208694 Analyzing shame and blame: Correlates of HIV-related stigma in a population-based survey in Malawi

Monday, November 9, 2009

Alisha H. Creel, PhD , Department of Preventive Medicine and Biometrics, Uniformed Services University of the Health Sciences, Bethesda, MD
Glory Mkandawire , Malawi BRIDGE Project, Lilongwe, Malawi
Lisa K. Folda, MHS , Johns Hopkins University Center for Communication Programs, Baltimore, MD
Jane W. Brown, MPH , Johns Hopkins University Center for Communication Programs, Baltimore, MD
Kirsten Böse, MHS , Center for Communication Programs, Johns Hopkins University, Baltimore, MD
Rajiv N. Rimal, PhD , Department of Health, Behavior and Society, Johns Hopkins Bloomberg School of Public Health, Baltimore, MD
Background: Blame and shame have been validated as distinct measures of HIV-related stigma (Nyblade and MacQuarrie, 2006; Creel et al., 2008). This study looks at correlates of blame and shame in a population-based survey in Malawi.

Methods: A household survey (N=966) using stratified random sampling was conducted in four districts in Malawi. Multivariate linear regression was used to look at demographic and psychosocial correlates of blame and shame.

Results: Both shame and blame were associated with low HIV-related knowledge and negative attitudes about the role of condoms in a relationship. Blame was associated with lower perceived susceptibility to HIV, higher perceived severity of HIV, higher resentment toward people with HIV (feeling they had too much power and attention in society), and being married. Shame was associated with both fear of HIV transmission through casual contact and perceived severity and was lower in people who had a relative with HIV or who owned a radio.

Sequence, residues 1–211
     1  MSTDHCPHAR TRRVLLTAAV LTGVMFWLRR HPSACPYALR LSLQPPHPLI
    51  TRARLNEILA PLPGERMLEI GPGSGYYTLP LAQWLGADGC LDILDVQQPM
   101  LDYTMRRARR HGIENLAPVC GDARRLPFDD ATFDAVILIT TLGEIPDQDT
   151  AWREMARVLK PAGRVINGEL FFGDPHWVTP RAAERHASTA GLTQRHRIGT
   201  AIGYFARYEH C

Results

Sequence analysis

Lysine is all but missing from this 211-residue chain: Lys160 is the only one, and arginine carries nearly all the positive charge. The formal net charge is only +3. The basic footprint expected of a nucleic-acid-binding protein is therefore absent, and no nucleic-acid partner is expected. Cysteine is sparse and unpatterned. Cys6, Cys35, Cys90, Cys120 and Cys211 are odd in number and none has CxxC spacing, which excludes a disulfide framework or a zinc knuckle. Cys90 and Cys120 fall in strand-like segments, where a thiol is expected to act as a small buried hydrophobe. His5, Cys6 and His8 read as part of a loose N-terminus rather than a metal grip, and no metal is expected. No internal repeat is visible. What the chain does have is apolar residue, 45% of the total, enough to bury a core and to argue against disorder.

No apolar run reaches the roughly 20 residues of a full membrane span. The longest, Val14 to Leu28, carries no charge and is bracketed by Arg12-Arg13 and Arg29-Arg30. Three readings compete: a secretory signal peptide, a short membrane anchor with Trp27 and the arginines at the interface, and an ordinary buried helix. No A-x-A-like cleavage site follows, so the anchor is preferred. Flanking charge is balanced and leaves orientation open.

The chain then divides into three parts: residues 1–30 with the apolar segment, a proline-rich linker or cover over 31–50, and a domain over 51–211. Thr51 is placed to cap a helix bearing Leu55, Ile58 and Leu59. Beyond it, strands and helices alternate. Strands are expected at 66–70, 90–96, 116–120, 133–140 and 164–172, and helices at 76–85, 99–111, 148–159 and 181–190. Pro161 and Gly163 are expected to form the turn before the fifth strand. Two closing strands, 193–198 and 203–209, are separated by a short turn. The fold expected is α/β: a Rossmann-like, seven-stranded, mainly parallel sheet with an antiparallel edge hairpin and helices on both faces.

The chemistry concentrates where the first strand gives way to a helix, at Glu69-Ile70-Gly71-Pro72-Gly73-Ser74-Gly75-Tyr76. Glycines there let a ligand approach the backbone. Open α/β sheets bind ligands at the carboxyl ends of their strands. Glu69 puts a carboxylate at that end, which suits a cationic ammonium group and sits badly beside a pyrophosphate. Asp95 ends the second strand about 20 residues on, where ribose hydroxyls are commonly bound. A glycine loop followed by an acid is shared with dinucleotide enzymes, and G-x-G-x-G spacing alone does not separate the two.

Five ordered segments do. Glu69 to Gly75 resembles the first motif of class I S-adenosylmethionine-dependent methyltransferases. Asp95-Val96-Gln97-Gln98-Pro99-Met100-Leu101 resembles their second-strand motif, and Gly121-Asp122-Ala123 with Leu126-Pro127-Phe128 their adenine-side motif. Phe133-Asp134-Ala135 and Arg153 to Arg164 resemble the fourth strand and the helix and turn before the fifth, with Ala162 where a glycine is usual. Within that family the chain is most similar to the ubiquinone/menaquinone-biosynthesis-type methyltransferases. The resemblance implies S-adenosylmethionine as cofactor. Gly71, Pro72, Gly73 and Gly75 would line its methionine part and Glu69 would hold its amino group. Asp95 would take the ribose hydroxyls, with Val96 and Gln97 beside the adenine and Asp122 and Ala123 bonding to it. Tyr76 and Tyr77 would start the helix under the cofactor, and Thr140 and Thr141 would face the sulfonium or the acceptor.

Conclusions: While blame and shame have common correlates, differences point to distinct underlying causes and solutions. Blame is related to social distancing of people with HIV (lower perceived risk, higher resentment) and negative views of the role of condoms in a relationship, such as seeing them as an indicator of mistrust or infidelity. Shame, on the other hand, appears to be related more to fear and uncertainty about HIV, reduced when one has social contact with people with HIV and more connection to the outside world through communication channels. Implications for interventions will be featured.

Learning Objectives:
Differentiate between HIV-related shame and blame and their correlates. Formulate intervention responses addressing both shame and blame.

Presenting author's disclosure statement:

Qualified on the content I am responsible for because: Involved in data collection activities, conducted data analysis, wrote abstract.
Any relevant financial relationships? No

I agree to comply with the American Public Health Association Conflict of Interest and Commercial Support Guidelines, and to disclose to the participants any off-label or experimental uses of a commercial product or service discussed in my presentation.

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